Well, here we are, heading into the first week of the baseball playoffs. The 162 game season is behind us and there are ten teams left in what baseball has termed the hunt for October. Of course, eight of those teams will get to October. The real hunt is for the World Series and only two of them will get to that.
The World Series is scheduled to start in the American League winners park on October 21 and, if it goes seven games, end there on October 29. In between, Games 3, 4 and 5, if needed, will be played in the National League winners park.
According to my somewhat educated reasoning, that would mean that the weather could be a factor for Games 6 & 7, if they are needed, because they will be played in the American League Park. Accuweather.com predicts that the high temperature in Detroit on those days will be 61 and 62 degrees with a low of 47 and 46, not exactly as balmy as the weather in Los Angeles where they predict it will be a high of 79 to 83 and a low of 61 to 63 for Games 3, 4 and 5, more comfortable baseball weather in parks where the game is played outside.
I guess by now, if you are any kind of a baseball fan, you have figured out that I expect the Detroit Tigers and Los Angeles Dodgers to be in this year’s World Series. Why these two? Why even try to make an educated guess at this point? After all, anything can happen especially in the short, five game, Division Series, where one bad game can spell the difference between going to the World Series and going home.
The reasons for my choices are simple. In the case of the Dodgers, they are Clayton Kershaw, Zack Grenke, Hyun-Jin Ryu and Dan Haren, and, with the Tigers, Max Scherzer, David Price, Justin Verlander and Rick Porcello.
Kershaw and Grenke are probably the best one two pitching punch in baseball today. Kershaw just completed a 21-3 season with an ERA of 1.77 and will most likely be the Cy Young winner, for the third time. Grenke was 16-8 with a 2.74 ERA. Both have considerable post season experience, Kershaw in nine games and Grenke in six. Then, of course, there’s Hyun-Jin Ryu, 14-7 with a 3.38 ERA and Dan Haren, 13-11 with a 4.03 ERA.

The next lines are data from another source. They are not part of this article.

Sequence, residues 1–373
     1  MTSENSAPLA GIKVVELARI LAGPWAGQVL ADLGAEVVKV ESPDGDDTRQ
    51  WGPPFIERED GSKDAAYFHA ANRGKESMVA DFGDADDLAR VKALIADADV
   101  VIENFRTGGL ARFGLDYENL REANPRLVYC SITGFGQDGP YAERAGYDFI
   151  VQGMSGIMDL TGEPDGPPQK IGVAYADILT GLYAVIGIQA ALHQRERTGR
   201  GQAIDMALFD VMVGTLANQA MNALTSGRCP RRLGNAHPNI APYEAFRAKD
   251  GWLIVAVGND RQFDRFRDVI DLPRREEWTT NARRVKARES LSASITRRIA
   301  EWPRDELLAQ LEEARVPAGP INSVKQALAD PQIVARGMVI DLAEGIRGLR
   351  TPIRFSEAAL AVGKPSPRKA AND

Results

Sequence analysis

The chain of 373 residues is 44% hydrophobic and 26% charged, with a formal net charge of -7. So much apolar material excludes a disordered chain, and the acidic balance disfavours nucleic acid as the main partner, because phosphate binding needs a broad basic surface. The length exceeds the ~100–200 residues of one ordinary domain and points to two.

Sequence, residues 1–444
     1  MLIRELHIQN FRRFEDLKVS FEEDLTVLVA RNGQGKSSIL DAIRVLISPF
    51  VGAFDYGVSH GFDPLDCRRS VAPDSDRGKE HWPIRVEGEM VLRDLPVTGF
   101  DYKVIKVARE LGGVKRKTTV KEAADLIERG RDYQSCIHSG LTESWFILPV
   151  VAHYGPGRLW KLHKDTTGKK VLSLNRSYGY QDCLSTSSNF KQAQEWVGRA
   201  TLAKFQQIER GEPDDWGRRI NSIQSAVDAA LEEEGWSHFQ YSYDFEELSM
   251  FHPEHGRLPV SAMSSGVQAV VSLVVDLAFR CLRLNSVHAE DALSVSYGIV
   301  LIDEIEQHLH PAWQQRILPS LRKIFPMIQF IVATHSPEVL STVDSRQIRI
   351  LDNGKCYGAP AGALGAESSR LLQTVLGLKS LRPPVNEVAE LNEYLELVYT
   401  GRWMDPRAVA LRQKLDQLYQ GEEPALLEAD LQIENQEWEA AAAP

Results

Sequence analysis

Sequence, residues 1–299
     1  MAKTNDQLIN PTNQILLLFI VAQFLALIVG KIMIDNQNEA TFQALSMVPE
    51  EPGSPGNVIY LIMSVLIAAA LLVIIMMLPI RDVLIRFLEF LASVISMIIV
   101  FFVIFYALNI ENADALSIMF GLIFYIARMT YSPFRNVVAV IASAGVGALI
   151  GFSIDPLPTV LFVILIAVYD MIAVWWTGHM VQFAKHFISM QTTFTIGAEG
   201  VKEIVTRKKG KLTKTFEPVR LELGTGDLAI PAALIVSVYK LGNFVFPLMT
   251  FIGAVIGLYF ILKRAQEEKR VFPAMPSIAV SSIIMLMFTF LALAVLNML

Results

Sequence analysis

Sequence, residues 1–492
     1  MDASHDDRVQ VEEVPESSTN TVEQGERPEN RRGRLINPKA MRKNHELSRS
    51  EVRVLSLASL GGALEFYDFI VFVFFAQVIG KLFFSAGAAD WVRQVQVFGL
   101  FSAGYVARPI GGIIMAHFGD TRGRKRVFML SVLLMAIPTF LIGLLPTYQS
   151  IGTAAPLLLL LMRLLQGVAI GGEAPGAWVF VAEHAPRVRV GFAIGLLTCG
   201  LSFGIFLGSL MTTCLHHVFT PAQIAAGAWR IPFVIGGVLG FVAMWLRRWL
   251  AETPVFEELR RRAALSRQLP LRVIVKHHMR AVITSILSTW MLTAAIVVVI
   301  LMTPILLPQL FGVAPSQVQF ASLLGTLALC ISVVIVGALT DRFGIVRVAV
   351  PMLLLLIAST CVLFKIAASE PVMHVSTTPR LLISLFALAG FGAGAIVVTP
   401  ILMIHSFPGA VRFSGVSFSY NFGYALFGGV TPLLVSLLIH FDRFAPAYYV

If their pitching doesn’t do it, they have one of the most potent offenses in baseball with Adrian Gonzalez, 26 homers, 113 RBI’s, Matt Kemp, 24 homers, 87 RBI’s, Yasiel Puig, .296 with 16 homers, 69 RBI’s and Hanley Ramirez, .283 with 13 homers and 71 RBI’s in 130 games. Add in Carl Crawford .300 with 23 stolen bases, Juan Uribe, .311 in 103 games and Dee Gordon, .286. The only weak spot in the lineup is catcher A. J. Ellis.
The Tigers’ Verlander, Price and Scherzer of course are the last three American League Cy Young winners. They are all big game pitchers. Scherzer was 18-5 with a 3.19 ERA, Price, 14-12, 3.36 ERA, and Verlander 15-12, 4.54 ERA. If that’s not enough, there’s Rick Porcello, 15-12 with a 3.31 ERA. They’re good enough that their fifth starter, Anibal Sanchez, 8-5 with a 3.46 ERA, coming off an injury will be in the bullpen.
Their offense, led by designated hitter/first baseman,Victor Martinez, having the best year of his great career, who hit .335 with 32 homers and 103 RBI’s and Miguel Cabrera, having for him an off year, hit .313 with 25 homers and 109 RBI’s, is just as potent as the Dodgers. Second baseman, Ian Kinsler, hit .275 with 17 homers and 92 RBI’s, left fielder J. D. Martinez, in 120 games, hit .315 with 23 homers and 76 RBI’s, right fielder Torii Hunter hit .286 with 17 homers and 83 RBI’s and then there’s Rajai Davis, the center fielder, who hit .282 but more importantly, stole 36 bases.
Well, what about the Washington Nationals, easy winners in the National League East, with Stephen Strasburg, Doug Fister, Jordan Zimmerman, Tanner Roark and Gio Gonzalez or the Los Angeles Angels with the best record in baseball and Jered Weaver, C. J. Wilson, and Matt Shoemaker. These are both strong staffs but they don’t have the power pitchers or the deep lineups the Dodgers and Tigers bring to the table.
It is often said that good pitching beats good hitting. In the Playoffs, it’s the best pitching against the best hitting in all of baseball. In football, they say that, once a pass is thrown, three things can happen, two of them bad for the passing team. In baseball, once a ball is hit in fair territory, three things can happen, two of them bad for the defense. It can be handled by the defense for an out, it can be mishandled by the defense and the runner is safe or it can fall safely either inside or outside the ballpark.
Obviously, it is better for the defense if the ball is not hit into fair territory. In other words, it is desirable for the ball not to be put into play. The Sabermetrics people have their WAR, OPS and other factors they consider in making predictions. I have my OOPs factor. OUT OF PLAY. How do you keep a ball out of play? Strikeouts!!
The Dodgers top pitchers, Kershaw and Grenke, averaged 1.11 strikeouts per inning this year. The Tigers Scherzer and Price, 1.12. On the other hand, the Nats Strasburg, Zimmerman and Fister averaged .901 and the Angels Weaver and Wilson just .823.
The other six teams don’t appear to have the ability to make a serious run at the Series. However, neither did the Red Sox last year at this time. As I said before, in a short series anything can happen. So, if the Tigers and Dodgers are not in the World Series and two other teams are, REMEMBER, they were my second choice, whoever they are.